Encouraged self restraint and self discipline – Every section of society was supposed to lead a self restraint and self disciplined life in all respect, be it in the matter of daily routine, occupation or inter caste relationship. There was no hard and fast rule of ranking various castes. It did segmental ranking of different caste groups according to relevance and contribution of their occupations to society. Usefulness of a profession to society as a whole, conduct and way of living of different people were the factors to determine social, economic or political status of a group in society vis-a vis others.

Considerations of self-discipline, hygiene, cleanliness, morality, knowledge and spiritual standards were given importance in their ranking. Higher a caste, purer it was considered, and greater were the self-restrictions on its behavior through rituals. Brahmins commanded respect of the whole society. They were put under maximum restrictions – to lead a simple life, devoted to the spiritual and intellectual pursuits and denied accumulation of wealth.

Then who were “Shudras”? – People clinging to the practices, which were not considered respectable, Conquered groups, individuals or persons born illegitimately or the groups clinging to anti-social activities were treated as ‘Shudras’. They were engaged in menial work and were given lowest status in the society. Breaking the caste rules meant loss of caste, meaning complete ostracism or having no place in the society. Permanent loss of caste – out-caste- was considered to be the greatest catastrophe for an individual, short of death penalty. By the beginning of Christian era, the out-castes themselves developed caste hierarchy and had their own out-castes. Socially, they were put amongst the lower strata of Hindu community doing all sorts of menial work and serving the upper castes of the three Varnas.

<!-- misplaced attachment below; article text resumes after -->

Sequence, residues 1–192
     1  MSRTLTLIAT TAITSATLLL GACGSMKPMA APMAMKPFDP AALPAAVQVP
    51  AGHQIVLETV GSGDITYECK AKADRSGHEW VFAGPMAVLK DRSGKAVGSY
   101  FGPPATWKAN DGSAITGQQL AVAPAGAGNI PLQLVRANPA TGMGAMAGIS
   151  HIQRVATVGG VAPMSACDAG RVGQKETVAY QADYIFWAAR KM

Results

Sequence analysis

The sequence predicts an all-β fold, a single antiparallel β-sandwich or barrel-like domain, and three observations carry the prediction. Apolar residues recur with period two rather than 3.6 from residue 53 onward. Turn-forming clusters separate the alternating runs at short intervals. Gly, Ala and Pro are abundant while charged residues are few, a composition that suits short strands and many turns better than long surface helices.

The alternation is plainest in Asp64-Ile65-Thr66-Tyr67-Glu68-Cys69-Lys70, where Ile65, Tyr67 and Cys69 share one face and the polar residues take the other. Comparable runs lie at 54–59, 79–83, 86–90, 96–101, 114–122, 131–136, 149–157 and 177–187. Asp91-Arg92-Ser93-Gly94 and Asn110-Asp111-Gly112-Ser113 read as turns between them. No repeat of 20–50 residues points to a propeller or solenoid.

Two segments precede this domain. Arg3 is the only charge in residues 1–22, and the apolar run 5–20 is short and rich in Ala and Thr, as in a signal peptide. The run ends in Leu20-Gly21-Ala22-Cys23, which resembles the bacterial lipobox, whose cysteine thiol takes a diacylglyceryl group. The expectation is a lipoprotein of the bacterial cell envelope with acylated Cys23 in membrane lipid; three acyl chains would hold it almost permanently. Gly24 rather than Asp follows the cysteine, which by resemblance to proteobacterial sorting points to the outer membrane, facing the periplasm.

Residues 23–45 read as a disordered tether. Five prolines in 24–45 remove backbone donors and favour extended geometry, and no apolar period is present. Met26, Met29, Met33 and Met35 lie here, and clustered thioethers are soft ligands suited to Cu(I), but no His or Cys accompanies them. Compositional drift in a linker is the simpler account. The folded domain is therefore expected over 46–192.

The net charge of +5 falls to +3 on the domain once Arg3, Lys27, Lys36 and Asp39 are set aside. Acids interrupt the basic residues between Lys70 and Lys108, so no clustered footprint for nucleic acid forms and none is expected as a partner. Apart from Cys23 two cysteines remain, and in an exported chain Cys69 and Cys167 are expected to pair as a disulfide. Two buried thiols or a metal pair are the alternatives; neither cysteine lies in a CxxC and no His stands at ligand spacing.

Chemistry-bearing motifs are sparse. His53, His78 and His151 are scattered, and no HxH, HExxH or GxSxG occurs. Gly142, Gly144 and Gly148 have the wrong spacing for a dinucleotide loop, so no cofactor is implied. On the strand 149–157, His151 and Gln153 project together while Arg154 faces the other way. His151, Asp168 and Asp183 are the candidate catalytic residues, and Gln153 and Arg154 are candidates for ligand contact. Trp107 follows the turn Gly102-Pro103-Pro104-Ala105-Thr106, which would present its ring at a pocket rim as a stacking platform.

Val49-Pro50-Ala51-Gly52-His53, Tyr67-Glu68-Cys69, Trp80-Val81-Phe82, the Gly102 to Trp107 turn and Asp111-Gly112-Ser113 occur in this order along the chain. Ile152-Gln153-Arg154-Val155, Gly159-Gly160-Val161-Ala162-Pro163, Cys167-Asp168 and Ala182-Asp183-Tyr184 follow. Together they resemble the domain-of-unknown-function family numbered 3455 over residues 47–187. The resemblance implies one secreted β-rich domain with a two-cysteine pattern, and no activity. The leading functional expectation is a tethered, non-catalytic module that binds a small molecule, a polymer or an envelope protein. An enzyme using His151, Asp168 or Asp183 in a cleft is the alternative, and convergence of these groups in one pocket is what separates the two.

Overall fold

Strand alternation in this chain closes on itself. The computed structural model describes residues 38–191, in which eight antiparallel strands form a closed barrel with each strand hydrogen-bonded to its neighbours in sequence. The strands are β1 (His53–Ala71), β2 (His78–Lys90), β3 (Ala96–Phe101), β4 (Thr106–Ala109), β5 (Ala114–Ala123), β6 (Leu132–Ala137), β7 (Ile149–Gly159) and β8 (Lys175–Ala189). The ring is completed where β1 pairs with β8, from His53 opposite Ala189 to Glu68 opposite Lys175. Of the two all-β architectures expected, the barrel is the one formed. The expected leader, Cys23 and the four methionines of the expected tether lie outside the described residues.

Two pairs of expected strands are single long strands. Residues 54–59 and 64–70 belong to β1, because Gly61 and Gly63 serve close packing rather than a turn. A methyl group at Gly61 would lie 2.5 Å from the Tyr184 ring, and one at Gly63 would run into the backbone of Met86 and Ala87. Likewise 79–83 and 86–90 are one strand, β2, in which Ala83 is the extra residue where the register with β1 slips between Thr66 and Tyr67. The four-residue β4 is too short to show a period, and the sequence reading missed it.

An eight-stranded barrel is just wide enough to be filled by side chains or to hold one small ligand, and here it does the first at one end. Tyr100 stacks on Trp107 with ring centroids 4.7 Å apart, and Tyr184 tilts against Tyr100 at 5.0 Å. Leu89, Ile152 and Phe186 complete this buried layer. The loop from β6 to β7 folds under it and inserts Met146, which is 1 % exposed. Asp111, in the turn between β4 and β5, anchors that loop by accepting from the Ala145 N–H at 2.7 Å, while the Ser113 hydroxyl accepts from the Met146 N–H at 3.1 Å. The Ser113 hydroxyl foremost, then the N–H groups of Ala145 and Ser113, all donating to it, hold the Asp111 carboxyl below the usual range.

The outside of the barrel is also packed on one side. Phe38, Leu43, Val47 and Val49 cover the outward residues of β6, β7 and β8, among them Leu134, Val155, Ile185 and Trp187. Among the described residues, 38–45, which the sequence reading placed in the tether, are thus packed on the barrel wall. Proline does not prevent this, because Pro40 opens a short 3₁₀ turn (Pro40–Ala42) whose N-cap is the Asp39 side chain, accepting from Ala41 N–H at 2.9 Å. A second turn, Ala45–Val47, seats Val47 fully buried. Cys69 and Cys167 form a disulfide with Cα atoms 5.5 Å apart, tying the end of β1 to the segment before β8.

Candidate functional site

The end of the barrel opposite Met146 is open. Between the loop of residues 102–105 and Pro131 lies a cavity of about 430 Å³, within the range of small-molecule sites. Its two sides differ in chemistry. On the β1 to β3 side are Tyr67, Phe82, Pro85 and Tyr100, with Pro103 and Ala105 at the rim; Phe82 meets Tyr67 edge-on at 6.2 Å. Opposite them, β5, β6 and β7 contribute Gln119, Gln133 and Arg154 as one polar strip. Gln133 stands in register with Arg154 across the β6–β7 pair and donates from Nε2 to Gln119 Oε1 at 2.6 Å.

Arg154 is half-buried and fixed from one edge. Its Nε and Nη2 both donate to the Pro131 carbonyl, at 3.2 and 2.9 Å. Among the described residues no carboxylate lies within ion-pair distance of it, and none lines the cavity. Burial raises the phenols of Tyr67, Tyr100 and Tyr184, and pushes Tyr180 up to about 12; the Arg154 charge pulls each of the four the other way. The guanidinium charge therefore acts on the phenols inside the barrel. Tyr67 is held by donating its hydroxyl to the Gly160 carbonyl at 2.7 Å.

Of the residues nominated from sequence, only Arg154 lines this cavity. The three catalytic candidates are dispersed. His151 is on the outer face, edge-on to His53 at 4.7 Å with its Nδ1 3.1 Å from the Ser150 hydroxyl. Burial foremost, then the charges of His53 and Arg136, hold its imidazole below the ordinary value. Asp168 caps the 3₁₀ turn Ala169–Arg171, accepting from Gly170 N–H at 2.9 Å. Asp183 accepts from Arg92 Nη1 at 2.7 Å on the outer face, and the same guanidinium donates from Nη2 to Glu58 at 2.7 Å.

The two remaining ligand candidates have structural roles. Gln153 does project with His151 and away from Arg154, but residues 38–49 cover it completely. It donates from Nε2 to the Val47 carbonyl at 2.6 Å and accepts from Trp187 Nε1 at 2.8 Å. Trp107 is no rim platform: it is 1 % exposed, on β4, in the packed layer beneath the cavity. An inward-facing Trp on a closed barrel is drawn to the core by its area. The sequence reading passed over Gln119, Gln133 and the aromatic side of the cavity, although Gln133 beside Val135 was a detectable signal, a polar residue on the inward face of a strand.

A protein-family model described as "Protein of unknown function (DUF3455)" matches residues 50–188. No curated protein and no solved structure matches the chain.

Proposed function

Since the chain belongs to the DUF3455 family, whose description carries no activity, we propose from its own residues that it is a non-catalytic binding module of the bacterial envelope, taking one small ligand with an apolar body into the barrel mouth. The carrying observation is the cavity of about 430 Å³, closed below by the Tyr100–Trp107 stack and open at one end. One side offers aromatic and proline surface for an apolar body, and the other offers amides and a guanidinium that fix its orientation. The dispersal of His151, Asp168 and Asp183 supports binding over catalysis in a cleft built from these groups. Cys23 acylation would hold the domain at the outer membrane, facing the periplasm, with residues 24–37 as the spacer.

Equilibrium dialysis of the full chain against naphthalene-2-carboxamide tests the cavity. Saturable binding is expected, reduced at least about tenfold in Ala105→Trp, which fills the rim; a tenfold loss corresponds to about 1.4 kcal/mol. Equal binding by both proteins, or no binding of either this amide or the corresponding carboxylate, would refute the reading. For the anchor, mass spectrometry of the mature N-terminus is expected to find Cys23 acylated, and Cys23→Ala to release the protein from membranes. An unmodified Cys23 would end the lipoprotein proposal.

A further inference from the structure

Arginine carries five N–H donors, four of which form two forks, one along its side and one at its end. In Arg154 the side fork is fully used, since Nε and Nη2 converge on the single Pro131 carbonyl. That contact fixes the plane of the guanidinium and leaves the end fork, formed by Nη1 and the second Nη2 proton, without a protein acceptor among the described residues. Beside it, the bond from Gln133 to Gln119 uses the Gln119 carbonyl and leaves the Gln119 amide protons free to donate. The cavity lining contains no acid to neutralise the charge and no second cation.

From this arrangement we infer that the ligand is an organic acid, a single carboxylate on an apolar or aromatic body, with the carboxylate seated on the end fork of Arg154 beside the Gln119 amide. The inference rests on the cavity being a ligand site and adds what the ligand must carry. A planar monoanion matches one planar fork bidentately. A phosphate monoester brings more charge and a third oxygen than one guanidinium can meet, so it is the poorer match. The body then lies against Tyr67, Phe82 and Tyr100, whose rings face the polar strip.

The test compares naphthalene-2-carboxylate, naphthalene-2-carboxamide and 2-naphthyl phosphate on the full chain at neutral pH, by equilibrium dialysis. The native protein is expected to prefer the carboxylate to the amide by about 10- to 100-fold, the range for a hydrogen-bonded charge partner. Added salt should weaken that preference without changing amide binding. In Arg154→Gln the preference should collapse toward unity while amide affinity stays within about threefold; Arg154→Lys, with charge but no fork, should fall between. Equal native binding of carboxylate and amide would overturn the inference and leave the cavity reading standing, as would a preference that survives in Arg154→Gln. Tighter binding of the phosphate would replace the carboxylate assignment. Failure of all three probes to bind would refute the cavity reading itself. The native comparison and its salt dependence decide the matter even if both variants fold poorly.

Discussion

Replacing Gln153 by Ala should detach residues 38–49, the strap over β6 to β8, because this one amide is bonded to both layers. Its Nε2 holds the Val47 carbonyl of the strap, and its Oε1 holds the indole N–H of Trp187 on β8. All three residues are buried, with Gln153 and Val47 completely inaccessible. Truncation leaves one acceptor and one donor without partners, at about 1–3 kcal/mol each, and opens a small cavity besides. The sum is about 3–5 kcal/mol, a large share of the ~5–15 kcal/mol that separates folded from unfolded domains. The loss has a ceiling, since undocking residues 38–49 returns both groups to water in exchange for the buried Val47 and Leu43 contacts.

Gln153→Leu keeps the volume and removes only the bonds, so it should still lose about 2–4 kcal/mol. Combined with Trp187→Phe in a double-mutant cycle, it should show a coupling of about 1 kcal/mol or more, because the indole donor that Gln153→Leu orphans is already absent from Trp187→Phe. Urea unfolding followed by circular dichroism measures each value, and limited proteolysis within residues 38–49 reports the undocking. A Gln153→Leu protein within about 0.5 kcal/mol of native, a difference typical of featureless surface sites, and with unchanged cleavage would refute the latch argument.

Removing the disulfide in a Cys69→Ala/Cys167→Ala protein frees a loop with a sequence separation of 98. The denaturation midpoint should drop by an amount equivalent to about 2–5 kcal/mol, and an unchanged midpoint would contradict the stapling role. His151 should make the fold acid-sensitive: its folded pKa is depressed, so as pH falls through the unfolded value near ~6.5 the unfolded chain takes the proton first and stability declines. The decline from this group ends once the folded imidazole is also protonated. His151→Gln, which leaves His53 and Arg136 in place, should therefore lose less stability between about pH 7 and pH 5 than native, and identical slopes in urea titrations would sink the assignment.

Instead of holding others responsible, Hindu Dharma taught that “Adharma” (immoral behavior), “Alasya” (laziness) and Agyan (ignorance) were to be blamed for all evils, exploitation and miseries of people.